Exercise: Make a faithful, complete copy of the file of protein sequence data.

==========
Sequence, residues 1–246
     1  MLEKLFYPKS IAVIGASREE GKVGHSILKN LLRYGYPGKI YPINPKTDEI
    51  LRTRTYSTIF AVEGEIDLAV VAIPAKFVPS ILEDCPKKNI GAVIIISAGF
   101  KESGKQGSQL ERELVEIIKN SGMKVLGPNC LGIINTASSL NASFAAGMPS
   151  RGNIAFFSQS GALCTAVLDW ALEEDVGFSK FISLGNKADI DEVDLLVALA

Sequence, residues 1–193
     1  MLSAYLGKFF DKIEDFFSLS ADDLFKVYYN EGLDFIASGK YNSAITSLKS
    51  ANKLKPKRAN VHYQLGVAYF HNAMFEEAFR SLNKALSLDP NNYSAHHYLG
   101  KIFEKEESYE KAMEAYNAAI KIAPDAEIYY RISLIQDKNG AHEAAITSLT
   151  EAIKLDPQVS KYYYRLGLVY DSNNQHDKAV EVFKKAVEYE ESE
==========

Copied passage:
Sequence, residues 1–246
     1  MLEKLFYPKS IAVIGASREE GKVGHSILKN LLRYGYPGKI YPINPKTDEI
    51  LRTRTYSTIF AVEGEIDLAV VAIPAKFVPS ILEDCPKKNI GAVIIISAGF
   101  KESGKQGSQL ERELVEIIKN SGMKVLGPNC LGIINTASSL NASFAAGMPS
   151  RGNIAFFSQS GALCTAVLDW ALEEDVGFSK FISLGNKADI DEVDLLVALA

Sequence, residues 1–193
     1  MLSAYLGKFF DKIEDFFSLS ADDLFKVYYN EGLDFIASGK YNSAITSLKS
    51  ANKLKPKRAN VHYQLGVAYF HNAMFEEAFR SLNKALSLDP NNYSAHHYLG
   101  KIFEKEESYE KAMEAYNAAI KIAPDAEIYY RISLIQDKNG AHEAAITSLT
   151  EAIKLDPQVS KYYYRLGLVY DSNNQHDKAV EVFKKAVEYE ESE